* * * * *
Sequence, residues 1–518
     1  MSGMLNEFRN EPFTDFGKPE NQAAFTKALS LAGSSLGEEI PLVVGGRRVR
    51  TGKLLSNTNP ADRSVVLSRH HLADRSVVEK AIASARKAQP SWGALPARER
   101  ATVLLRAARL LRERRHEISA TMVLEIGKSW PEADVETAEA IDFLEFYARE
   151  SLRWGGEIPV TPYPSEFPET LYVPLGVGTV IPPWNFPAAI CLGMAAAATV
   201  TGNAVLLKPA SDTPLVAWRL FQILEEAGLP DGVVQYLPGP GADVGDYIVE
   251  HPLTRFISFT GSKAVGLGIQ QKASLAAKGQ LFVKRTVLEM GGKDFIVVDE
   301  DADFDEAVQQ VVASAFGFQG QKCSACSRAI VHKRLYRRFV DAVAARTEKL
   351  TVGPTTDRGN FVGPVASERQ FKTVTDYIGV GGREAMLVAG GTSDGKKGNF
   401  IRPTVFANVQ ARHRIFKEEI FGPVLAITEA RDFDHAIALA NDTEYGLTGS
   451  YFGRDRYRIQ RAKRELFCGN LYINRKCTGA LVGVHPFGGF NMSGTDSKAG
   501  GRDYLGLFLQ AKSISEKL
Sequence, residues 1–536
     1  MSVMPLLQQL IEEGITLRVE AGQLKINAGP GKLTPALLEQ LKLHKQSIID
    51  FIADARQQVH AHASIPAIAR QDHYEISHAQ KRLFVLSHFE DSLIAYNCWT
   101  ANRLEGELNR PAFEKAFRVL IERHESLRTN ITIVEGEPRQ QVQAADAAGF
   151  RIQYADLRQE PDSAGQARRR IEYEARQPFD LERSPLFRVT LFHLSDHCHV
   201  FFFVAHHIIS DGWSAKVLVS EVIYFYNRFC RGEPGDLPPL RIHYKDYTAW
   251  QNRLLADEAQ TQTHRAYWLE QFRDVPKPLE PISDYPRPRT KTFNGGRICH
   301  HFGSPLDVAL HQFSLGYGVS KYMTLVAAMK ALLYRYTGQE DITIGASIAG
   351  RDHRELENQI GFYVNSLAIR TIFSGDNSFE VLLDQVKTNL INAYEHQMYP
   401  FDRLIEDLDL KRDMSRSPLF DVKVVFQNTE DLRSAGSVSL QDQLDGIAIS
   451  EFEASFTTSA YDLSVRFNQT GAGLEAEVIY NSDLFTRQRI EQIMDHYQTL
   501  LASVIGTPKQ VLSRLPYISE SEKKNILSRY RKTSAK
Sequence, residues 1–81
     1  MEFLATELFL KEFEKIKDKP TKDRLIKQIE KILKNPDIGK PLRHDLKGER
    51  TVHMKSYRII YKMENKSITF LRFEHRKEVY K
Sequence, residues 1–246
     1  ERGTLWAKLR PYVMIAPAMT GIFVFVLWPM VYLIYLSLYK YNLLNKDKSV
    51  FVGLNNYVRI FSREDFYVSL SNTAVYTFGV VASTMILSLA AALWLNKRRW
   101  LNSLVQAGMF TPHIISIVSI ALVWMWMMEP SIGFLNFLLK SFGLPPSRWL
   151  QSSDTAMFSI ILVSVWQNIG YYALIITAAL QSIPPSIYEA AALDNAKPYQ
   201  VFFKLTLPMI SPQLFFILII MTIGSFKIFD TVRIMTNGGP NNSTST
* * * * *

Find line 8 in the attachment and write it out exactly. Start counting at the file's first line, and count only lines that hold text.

   301  DADFDEAVQQ VVASAFGFQG QKCSACSRAI VHKRLYRRFV DAVAARTEKL